- Long Runner: The GSN era ran four seasons, a rarity for them most of their games tend to stop at two seasons.
- Luck-Based Mission:
- In the bonus round of Catch 21, there was nothing to back you up if the cards failed you and you ran out of power chips.
- The front game of any version counts—since only the first card of each game was shown, winning a question meant having to choose between taking a card of random value or giving it to the opponent. Taking the card is only safe if the couple has a score of 11 or lower (12 or greater had a possibility of busting); giving the card away gave the opposing couple a chance at a good hand (which could immediately be frozen)
- Obvious Rule Patch: On Gambit, couples that had cards given to them could immediate freeze despite not winning the immediate question beforehand. On Catch 21, barring hands of 21, players could only freeze after winning a question and taking the immediate next card.
- Porky Pig Pronunciation: Wink once had some difficulty telling a couple they had received a copy of the World Book Encyclopedia.
- Product Placement: The power chips on Catch 21 were sometimes sponsored early on by Burger King. Often, the contestants said (and were likely instructed to say) that they would "have it their way" when using them.
- In one of the episodes with the BK power chips, the question "If your husband is wearing undershorts marked Home of the Whopper, which fast food restaurant did they most likely come from?" appeared in Round 1.
- Transatlantic Equivalent: A long-running one on ITV, from 1975 to 1985 (outlasting both American runs); since it was from Anglia (the people behind the 1970s/80s UK Sale of the Century), it had a far smaller budget, though compared to Sale it wasn't the butt of jokes as much. Fred Dinenage served as host until 1983, with Tom O'Connor taking over for the final two years (Dickie Davies of World of Sport fame hosted the unseen pilot). The show came back briefly in 1995, albeit in the Anglia region only; for that revival Gary Thompson hosted and the format was taken from the unsold Bob Eubanks pilot.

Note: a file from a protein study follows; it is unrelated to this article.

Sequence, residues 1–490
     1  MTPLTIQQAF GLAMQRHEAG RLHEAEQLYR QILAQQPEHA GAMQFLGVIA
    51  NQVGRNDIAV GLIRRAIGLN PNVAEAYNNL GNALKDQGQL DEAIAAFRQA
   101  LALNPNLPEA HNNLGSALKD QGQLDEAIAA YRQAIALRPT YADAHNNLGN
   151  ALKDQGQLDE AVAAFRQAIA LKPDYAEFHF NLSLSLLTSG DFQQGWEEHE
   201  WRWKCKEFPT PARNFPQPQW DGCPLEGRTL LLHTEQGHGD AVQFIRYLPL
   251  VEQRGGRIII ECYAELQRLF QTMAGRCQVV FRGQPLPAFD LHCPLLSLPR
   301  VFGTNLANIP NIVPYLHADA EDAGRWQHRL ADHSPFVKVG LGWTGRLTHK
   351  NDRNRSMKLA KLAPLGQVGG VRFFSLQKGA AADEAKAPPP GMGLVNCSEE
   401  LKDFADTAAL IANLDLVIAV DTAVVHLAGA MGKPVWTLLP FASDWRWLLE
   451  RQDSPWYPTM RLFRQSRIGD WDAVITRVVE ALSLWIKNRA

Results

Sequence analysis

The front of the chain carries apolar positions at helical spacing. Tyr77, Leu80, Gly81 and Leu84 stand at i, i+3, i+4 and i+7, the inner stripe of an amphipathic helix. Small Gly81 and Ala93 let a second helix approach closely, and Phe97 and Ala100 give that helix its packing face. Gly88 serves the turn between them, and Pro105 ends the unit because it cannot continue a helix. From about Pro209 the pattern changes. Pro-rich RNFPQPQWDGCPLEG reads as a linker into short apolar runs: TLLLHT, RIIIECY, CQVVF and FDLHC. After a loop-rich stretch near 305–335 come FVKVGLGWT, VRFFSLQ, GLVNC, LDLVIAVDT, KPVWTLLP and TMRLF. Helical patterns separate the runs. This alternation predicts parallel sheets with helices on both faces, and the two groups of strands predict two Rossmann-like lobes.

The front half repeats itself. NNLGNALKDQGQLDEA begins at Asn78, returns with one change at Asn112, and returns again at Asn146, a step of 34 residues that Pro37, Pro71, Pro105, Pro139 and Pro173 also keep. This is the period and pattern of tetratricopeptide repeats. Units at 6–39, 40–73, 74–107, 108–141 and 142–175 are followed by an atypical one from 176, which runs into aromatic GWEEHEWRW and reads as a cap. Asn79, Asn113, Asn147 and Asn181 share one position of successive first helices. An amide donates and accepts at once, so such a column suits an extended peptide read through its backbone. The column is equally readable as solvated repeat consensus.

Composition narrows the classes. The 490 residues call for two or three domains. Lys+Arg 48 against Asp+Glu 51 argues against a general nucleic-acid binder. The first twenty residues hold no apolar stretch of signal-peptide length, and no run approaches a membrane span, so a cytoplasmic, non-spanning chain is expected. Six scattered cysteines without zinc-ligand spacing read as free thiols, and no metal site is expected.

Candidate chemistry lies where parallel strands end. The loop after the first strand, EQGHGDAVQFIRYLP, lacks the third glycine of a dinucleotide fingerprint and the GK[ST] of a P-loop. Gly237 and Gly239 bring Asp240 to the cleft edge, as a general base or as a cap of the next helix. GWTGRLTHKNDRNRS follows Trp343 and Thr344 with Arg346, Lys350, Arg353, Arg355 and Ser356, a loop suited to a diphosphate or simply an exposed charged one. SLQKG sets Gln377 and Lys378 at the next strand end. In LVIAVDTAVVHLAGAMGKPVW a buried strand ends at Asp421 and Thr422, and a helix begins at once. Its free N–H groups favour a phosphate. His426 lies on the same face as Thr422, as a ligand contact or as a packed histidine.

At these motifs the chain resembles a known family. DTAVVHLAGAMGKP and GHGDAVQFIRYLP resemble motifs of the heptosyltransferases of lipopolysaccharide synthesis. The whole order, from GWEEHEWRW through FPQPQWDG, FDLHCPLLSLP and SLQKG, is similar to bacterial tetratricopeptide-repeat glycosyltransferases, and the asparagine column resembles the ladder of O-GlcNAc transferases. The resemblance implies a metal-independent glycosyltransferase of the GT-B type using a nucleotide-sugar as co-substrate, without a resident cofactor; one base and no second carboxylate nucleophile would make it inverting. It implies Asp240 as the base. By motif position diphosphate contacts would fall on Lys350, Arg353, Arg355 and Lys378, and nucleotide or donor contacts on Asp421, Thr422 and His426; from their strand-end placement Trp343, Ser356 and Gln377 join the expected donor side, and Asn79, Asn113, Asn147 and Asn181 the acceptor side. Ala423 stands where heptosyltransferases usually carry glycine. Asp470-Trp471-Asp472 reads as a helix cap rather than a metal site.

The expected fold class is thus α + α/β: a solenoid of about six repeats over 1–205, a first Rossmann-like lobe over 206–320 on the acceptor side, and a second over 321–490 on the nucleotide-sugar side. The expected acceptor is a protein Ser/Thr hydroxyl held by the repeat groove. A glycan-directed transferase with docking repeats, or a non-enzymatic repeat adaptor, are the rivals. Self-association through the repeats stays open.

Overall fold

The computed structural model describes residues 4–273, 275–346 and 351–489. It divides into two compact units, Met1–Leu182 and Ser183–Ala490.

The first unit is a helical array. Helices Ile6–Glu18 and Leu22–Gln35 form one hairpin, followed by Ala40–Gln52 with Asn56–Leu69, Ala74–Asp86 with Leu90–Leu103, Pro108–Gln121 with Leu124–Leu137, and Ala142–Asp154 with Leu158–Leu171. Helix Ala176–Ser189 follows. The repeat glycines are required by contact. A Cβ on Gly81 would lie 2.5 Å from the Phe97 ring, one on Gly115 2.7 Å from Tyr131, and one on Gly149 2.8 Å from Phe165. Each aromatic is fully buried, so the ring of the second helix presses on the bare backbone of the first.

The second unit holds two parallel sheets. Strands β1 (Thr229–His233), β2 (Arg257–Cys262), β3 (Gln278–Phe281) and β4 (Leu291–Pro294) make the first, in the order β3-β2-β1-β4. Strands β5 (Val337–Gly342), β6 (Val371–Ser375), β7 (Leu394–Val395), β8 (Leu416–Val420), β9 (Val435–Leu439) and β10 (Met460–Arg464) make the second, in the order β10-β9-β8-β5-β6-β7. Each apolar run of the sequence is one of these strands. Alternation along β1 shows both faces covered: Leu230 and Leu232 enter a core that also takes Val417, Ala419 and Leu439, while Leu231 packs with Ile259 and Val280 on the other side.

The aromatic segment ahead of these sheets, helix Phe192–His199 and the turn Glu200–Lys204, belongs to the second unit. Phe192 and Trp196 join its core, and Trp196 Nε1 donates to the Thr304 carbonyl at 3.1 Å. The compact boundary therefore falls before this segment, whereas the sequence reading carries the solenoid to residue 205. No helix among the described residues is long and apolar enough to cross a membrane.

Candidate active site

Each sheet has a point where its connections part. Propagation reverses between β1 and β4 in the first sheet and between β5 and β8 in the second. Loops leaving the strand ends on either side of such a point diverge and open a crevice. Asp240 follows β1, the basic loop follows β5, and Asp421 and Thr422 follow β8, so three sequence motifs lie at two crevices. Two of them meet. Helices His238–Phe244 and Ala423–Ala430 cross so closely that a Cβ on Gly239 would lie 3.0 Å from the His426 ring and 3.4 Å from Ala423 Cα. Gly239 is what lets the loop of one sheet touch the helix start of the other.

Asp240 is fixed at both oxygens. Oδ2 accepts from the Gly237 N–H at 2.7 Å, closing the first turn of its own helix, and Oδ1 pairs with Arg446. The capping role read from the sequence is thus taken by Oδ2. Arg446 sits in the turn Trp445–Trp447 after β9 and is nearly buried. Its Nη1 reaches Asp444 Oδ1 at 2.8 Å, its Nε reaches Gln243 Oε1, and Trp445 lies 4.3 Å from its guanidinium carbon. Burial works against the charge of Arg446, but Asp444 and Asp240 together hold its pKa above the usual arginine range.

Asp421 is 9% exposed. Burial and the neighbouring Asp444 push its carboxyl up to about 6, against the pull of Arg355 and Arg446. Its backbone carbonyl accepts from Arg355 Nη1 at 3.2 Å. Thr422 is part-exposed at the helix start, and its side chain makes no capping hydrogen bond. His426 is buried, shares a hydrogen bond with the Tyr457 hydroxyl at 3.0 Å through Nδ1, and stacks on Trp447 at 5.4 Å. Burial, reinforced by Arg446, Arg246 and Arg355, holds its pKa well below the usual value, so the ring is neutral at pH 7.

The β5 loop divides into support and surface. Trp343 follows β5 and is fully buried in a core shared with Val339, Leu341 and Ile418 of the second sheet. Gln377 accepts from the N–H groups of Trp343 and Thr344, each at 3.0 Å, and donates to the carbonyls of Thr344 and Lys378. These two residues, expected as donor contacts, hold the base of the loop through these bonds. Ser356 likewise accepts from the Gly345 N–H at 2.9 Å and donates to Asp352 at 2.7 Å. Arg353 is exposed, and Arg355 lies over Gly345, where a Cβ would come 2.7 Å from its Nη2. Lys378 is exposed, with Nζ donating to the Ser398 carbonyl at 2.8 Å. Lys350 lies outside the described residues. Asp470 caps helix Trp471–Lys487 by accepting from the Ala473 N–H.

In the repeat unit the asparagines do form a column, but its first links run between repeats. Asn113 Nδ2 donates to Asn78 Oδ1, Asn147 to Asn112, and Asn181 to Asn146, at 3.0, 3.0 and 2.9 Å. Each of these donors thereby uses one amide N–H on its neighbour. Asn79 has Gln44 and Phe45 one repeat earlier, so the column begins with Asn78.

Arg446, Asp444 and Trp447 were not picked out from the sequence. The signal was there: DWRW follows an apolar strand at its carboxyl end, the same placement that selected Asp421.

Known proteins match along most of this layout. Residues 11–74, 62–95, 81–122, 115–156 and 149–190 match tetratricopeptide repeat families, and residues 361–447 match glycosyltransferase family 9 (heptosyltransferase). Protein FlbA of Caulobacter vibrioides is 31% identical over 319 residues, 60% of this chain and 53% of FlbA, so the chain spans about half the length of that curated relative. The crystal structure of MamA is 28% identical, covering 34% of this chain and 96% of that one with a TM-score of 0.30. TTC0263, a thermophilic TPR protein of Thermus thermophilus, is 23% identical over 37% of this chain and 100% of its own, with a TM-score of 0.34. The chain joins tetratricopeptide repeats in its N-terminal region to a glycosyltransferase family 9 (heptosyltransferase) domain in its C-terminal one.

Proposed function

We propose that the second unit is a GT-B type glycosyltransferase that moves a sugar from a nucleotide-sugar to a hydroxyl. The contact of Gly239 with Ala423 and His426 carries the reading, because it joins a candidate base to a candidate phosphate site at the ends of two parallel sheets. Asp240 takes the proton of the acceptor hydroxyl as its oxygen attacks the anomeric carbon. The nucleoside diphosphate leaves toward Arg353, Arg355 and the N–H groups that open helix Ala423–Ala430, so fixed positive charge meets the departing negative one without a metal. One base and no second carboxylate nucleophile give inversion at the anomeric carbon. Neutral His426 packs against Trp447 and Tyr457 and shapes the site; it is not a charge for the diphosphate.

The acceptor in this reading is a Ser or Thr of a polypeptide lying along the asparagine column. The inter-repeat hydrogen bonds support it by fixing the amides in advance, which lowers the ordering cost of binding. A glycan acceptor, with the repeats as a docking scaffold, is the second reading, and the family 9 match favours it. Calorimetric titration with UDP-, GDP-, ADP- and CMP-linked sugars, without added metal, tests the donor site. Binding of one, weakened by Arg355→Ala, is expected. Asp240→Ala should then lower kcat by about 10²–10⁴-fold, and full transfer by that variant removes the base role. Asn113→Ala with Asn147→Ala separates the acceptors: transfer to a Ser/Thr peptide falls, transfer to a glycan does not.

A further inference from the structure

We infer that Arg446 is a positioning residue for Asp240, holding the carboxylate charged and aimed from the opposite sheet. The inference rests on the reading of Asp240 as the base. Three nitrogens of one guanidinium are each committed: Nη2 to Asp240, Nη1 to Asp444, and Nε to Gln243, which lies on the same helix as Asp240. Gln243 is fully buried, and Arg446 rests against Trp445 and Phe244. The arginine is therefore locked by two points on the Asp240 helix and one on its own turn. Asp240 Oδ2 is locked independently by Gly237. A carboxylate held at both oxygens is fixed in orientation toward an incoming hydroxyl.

- Title Drop: You don't hit 21 on Catch 21, you "catch 21 exactly".
- Viva Las Vegas!: Las Vegas Gambit was taped at the Tropicana Hotel.
- Who Writes This Crap?!: Not stated directly, but Wink would often come across a question that was incredibly silly.Wink: Marlon Brando starred in the 1957 film Sayonara as an American officer in love with a Japanese girl. Now, in Japanese, does the word sayonara mean "I love you", "good-bye", or "tablecloth"?Mr. Brown: Good-bye.Wink: That's right. (pauses, then tears up a card) I'm gonna tear that one up. I'm never gonna run across that one again. You know, I've been breaking up at some of these questions. The guys have been working overtime, haven't they? Yes.